What’s riding on her mastering the quad? Nothing—just the hopes of a once-proud federation, the dreams of a high-spirited teenager, and the prospect of her father’s triumphant return to a nation he fled 30 years ago.
“Quad Lutz isn’t that hard,” she says later. “It felt like a triple to me. But quad Sal [Salchow], I cannot do quad Sal. It is so hard, ohmygod.”
For a long time, no U.S. Winter Olympians possessed the cultural cachet the women’s skaters did. After winning the gold medal in 1968 at Grenoble, Peggy Fleming taped five TV specials for NBC; Michelle Kwan, who earned a silver and a bronze in two Games (alongside five world championship golds), captured not one but two Nickelodeon Kids Choice Awards. Marrying glamour with precision and grace with dominance, America’s skaters captured the nation’s hearts, every four years, for half a century. But Alysa Liu cannot recall that time: No U.S. woman has won an individual Olympic medal since Sasha Cohen took silver in 2006, when Liu was an infant. American women have medaled only once in the last 13 world championships, and at the PyeongChang Games in 2018, they finished ninth, 10th and 11th, one of the team’s worst-ever showings.
U.S. Figure Skating can trace its struggles to the International Skating Union’s implementation of new judging standards in 2004. After a scandal in pairs judging at Salt Lake City, the ISU wanted to make scoring more transparent. Instead of one overall mark for technical merit, skaters were now rewarded for each difficult element in their programs. What this meant was that any skater who could consistently nail difficult elements would triumph; less was left to chance. But U.S. Figure Skating did not implement bonuses for difficult jumps at the juvenile through novice levels until 2015—by which point it was too late. American women watched the quad revolution from afar. Says Tara Lipinski, the 1998 Olympic gold medalist and, until Liu, the youngest American national champ, “In Russia there are teenagers doing multiple quads. There was a stagnant period, where you did a triple-triple [combination], and that’s all you needed. Now the roof has blown off.”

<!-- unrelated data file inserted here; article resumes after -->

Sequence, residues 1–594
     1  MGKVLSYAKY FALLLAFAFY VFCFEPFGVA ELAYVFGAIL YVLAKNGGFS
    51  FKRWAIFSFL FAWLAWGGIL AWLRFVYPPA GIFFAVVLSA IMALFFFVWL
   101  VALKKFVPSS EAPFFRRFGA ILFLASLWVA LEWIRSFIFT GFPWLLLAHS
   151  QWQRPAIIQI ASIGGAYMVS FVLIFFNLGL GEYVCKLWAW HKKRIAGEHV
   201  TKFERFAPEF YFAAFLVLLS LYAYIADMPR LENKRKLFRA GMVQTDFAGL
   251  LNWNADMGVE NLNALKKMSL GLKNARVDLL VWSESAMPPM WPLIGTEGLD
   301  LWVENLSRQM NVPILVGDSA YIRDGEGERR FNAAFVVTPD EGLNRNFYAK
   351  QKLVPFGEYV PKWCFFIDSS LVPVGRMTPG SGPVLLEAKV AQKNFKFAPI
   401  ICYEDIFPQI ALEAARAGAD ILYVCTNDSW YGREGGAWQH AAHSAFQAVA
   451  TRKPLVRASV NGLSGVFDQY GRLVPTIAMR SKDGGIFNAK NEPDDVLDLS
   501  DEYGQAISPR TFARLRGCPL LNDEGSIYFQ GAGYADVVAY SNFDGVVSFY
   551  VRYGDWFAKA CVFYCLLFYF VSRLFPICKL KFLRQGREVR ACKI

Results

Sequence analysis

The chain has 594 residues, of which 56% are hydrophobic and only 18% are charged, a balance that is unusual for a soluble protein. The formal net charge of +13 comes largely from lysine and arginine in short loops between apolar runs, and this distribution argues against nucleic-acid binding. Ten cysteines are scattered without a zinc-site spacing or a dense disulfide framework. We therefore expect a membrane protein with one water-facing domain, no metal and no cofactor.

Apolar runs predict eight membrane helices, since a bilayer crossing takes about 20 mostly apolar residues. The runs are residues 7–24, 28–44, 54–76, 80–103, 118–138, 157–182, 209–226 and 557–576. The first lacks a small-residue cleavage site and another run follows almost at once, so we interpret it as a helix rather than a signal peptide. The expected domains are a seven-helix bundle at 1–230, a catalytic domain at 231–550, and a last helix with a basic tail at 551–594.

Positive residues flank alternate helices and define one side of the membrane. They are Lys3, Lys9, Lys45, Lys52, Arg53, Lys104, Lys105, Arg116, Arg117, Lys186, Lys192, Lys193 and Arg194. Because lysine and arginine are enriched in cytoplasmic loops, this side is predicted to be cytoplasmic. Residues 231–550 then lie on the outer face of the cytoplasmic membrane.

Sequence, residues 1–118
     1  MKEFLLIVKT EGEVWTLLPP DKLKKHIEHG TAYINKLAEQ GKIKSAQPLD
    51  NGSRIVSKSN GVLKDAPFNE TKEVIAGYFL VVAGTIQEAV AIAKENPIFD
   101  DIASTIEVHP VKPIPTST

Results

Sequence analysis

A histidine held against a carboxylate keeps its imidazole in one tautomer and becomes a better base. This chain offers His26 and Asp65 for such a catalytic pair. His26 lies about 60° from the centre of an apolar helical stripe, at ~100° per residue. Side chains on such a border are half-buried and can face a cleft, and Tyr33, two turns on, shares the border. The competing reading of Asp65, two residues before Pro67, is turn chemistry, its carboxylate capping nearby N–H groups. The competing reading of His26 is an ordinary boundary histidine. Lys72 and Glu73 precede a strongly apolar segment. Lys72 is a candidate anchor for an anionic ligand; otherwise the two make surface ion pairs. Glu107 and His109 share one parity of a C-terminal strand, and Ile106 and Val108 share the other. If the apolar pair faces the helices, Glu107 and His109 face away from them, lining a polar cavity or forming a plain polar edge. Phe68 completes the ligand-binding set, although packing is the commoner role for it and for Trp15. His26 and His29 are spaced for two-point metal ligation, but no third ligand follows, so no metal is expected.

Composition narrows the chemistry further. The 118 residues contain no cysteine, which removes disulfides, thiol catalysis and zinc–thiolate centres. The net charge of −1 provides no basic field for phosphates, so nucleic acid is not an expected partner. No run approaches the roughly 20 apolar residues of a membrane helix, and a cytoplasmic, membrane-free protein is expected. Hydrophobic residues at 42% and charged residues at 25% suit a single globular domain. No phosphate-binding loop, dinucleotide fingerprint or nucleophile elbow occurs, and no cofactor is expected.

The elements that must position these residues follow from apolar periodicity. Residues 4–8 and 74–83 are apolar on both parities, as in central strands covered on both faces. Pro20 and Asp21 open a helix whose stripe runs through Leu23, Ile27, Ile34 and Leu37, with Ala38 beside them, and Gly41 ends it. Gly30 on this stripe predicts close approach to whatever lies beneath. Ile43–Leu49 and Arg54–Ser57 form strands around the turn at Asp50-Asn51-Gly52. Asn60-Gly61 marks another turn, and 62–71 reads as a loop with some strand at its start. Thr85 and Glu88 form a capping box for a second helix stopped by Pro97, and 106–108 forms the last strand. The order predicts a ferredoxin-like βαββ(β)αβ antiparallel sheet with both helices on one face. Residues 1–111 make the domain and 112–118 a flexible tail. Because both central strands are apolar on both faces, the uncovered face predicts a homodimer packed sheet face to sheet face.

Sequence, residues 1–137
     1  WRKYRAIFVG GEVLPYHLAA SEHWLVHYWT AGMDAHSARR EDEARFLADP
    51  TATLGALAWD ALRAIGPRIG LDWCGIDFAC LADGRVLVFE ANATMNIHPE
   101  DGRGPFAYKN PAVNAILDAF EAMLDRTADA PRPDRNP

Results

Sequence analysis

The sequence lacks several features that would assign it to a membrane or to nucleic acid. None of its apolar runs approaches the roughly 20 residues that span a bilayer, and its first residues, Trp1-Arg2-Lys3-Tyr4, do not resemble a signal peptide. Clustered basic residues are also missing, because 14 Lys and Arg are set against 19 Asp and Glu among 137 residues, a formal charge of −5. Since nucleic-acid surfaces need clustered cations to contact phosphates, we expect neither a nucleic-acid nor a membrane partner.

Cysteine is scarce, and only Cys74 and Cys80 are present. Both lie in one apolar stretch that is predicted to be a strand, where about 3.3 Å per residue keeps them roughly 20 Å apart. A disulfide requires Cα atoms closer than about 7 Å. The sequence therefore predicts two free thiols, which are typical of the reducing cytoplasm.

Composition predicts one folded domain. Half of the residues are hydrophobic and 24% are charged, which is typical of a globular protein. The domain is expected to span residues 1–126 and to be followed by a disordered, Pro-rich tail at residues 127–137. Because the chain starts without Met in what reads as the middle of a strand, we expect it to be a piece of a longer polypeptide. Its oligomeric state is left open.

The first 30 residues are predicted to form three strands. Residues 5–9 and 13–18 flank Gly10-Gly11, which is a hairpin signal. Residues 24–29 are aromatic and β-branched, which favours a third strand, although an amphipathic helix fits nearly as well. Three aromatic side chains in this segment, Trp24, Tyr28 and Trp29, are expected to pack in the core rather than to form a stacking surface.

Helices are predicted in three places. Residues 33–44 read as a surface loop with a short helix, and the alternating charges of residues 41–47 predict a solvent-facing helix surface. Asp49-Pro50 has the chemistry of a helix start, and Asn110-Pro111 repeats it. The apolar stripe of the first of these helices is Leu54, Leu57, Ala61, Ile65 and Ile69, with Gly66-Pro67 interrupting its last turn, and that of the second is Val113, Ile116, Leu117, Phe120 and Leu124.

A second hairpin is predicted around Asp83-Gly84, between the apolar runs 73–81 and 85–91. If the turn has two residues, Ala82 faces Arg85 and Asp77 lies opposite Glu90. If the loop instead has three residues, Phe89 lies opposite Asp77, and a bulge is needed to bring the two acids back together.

In Detroit, Liu landed three clean triple Axels, the triple jump with the highest degree of difficulty because the forward takeoff and backward landing make it 3½ rotations. She had landed her first at the Asian Open as a 12-year-old, making her the youngest ever to do it; none of her competitors in Detroit attempted even one. Says Bell, the bronze medalist, “When you’re 13, it is so exciting to go out there and show everything you’ve got. As you get older, you’re have a different mind-set, like, O.K., I have this and this to lose. She just goes out there to take it all.”
Bell worked on a triple Axel briefly last summer; now, because of Liu, she’s even more motivated to add that jump. “Younger girls [thought] we shouldn’t go for [triple Axels], let’s just stick to what these [older] girls are doing,” Bell says. “Alysa went above and beyond that, and it opens a new door and helps the U.S. in comparison to other countries where there are girls doing quads at a very young age.”
While ISU rules bar skaters under 15 from senior-level international competition, Liu is still watching the world’s best. “Did you know [14-year-old Russian skater] Alexandra Trusova’s eyes are blue?” Liu says. “I always thought they were brown.” She is paying particular attention to the Russian skaters coached by Eteri Tutberidze (who previously trained the gold and silver medalists at PyeongChang), including Trusova, who is the first female to land a quad Lutz in international competition, and Anna Shcherbakova, 15, the first to land two quad Lutzes in a single program.
Trusova and Shcherbakova will compete on the senior level this season and, barring growth spurts or injuries, should bring their quads with them. Liu is on another schedule, though she hopes to do the same in the 2021-22 season, which will culminate in the Beijing Olympics. Until then, undoubtedly, the U.S. and Russia will continue the warm and friendly relationship they’ve enjoyed for many years.